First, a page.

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Also, it's fair to suggest Tyson Barrie was significantly miscast prior to Keefe's arrival. The dynamic defenseman was acquired by Dubas this past summer to complement Toronto's stacked forward group. Yet, under Babcock, he started only 58% of his five-on-five shifts in the offensive zone. Through seven games of the Keefe era, he's up to 71% and has bagged three goals in the process.

Keefe will have more opportunities for change in the coming days, weeks, and months, since he's only had Marner healthy for one game and has yet to have the injured Trevor Moore, a solid bottom-six contributor, available. The Leafs have rarely iced a completely healthy lineup all season, which has thrown a wrench into various personnel decisions.

One of the main issues the Leafs exhibited under Babcock was, as he used to say, "starting on time." Toronto scored only 37% of the first-period goals over a 23-game stretch with Babcock while surrendering the first goal of the contest 18 times. With Keefe, the sluggishness is less evident, as the Leafs have scored 90% of the first-period goals in seven games while surrendering the first goal just three times.

It's mighty early in the Keefe era, but clearly progress is being made.

What's the same?

For all the positives attached to Keefe's honeymoon phase, there have been a few hiccups.

The GM, coach, and players are working off the same playbook, yet old warts remain. The team is still on the outside of the playoffs; winning four of seven games hasn't gotten them closer to the postseason. They're now 30 games into an 82-game schedule. The urgency to win is increasing by the week.

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Toronto's backup goaltending problem remains. Michael Hutchinson owns a woeful .876 save percentage and has failed to record a win in six starts. Circumstances are so dire that Frederik Andersen asked Keefe to let him play both games in the club's most recent back-to-back set.

The Leafs' special teams have been solid yet unremarkable since the coaching change. Toronto's 15th-ranked power play has scored three times on 10 opportunities, and the penalty kill, ranked 26th, has allowed just two goals during the opposition's 16 power-play opportunities.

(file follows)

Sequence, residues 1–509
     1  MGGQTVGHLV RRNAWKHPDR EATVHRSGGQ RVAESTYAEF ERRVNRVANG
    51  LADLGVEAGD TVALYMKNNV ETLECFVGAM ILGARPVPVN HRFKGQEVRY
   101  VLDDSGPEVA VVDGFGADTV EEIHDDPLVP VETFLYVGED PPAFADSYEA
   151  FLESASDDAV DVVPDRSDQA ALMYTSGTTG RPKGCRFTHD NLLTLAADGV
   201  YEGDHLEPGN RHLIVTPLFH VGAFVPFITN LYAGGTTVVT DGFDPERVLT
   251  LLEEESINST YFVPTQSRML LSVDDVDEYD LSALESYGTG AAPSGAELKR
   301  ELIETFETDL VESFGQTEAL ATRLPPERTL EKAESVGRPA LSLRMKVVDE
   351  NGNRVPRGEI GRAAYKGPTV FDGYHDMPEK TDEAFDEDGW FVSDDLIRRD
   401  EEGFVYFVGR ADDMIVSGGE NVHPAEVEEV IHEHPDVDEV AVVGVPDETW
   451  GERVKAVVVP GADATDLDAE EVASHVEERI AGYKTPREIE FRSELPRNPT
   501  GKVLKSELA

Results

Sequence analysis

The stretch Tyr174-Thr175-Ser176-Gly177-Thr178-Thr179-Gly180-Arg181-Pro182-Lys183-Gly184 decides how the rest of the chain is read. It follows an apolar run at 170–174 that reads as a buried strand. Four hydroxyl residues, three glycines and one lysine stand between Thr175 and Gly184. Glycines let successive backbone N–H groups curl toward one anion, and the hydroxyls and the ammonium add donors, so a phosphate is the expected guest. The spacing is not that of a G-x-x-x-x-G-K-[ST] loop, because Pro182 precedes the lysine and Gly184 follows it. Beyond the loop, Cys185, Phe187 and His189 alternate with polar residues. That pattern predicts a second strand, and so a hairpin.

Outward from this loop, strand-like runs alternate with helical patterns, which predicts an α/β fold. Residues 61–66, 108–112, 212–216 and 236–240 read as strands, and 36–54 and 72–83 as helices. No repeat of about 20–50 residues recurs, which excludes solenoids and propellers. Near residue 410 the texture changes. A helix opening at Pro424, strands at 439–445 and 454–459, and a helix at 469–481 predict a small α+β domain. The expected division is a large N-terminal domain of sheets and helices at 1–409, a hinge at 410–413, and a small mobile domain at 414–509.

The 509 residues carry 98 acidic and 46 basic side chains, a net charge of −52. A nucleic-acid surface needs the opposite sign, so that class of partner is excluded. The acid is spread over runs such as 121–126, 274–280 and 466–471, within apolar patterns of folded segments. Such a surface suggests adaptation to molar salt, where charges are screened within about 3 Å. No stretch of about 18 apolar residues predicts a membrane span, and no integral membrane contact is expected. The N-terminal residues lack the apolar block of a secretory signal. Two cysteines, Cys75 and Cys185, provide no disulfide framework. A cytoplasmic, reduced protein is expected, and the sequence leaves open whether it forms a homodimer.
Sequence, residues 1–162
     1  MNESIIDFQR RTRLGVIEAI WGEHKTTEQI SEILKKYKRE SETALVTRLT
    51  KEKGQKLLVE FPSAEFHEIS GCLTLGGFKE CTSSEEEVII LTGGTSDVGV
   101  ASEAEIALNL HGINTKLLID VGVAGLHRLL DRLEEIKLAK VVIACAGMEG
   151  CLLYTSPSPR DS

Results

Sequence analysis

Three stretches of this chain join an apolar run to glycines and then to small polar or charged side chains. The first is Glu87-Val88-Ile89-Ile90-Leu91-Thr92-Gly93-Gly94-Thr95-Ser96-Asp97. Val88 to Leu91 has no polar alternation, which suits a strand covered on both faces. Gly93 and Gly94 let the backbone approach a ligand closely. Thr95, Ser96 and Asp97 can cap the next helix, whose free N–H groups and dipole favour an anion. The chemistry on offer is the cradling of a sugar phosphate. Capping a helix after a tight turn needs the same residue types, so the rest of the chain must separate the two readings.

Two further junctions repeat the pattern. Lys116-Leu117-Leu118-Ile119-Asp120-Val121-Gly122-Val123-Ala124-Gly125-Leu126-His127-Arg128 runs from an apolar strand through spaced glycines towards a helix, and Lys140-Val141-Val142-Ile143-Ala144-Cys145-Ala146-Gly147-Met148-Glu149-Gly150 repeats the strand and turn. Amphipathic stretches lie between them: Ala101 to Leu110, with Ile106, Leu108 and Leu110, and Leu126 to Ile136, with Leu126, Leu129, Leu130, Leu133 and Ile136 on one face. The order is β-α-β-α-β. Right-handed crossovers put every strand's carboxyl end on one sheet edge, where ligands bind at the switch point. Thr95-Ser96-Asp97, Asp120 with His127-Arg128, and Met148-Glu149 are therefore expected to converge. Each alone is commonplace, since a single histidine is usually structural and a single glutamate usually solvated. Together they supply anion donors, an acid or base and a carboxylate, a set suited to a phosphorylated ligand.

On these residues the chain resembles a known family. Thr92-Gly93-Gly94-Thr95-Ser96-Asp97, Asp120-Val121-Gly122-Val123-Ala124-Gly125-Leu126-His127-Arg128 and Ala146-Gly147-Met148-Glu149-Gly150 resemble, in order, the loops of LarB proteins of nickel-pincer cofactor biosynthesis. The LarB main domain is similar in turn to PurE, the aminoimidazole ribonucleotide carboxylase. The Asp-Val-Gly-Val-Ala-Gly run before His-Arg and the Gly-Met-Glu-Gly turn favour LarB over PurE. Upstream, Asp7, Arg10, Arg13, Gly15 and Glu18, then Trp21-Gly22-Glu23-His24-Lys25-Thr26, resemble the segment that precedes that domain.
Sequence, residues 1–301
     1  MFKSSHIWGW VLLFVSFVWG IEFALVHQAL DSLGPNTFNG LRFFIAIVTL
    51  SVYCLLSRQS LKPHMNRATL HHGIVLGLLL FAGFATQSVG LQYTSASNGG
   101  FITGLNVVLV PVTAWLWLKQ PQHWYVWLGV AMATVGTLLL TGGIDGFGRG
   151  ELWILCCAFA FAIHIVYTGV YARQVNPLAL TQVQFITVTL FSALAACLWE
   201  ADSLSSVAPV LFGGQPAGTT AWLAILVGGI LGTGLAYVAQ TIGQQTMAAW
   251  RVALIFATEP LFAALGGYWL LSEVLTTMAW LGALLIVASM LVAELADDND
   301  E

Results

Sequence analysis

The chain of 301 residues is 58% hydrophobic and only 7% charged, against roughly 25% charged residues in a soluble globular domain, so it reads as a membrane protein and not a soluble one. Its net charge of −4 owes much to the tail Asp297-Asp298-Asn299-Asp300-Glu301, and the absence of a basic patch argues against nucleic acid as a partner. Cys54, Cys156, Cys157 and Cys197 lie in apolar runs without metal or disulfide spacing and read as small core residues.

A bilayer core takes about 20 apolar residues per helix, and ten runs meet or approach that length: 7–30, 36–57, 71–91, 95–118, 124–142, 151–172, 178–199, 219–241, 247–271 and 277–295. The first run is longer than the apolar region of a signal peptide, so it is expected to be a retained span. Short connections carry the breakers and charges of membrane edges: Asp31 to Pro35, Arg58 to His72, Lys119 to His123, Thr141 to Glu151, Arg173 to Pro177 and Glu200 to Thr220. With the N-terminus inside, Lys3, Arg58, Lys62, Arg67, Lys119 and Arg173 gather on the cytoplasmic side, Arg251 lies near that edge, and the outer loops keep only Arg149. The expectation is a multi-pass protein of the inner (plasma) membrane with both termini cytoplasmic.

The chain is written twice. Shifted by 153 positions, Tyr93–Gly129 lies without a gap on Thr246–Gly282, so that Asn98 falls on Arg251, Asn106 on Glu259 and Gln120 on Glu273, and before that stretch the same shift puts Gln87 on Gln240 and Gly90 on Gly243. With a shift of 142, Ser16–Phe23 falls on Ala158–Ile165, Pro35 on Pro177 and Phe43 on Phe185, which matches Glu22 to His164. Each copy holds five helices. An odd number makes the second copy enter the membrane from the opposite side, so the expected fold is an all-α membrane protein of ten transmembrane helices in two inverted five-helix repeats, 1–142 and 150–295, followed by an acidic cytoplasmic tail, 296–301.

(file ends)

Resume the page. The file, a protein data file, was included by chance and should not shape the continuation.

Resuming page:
However, the Leafs coughed up a shorthanded goal Wednesday that proved to be the game-winner for Colorado, so it's difficult to hand out any gold stars for the special teams. Here's the cringeworthy blunder:

Attention to detail on the defensive side of the puck is one thing to keep an eye on. The 13-13-4 Leafs have wrestled with limiting turnovers all season long. Although turnovers are bound to happen when you possess the puck as much as the new-look Leafs, the team's running theme has been overlooking details, which was punctuated earlier this week during the "unacceptable" end to a 6-1 loss to the Flyers.

The NHL's official scorers counted 12 giveaways per game under Babcock. Keefe's tenure hasn't produced as many - 8.9 per game - but his keep-away style is a dangerous manner in which to operate. The possession-hungry Leafs need to be mindful of the consequences of playing a high-risk game.

The ability to manage that push-and-pull, balancing a creative style of play while trying to limit turnovers, is what's to be determined about this version of the 2019-20 Leafs. The adjustments made by Keefe make sense and, boy, is this team aesthetically pleasing. But the results must follow sooner rather than later.

John Matisz is theScore's national hockey writer.

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Keefe effect: What's different in early days of new Maple Leafs era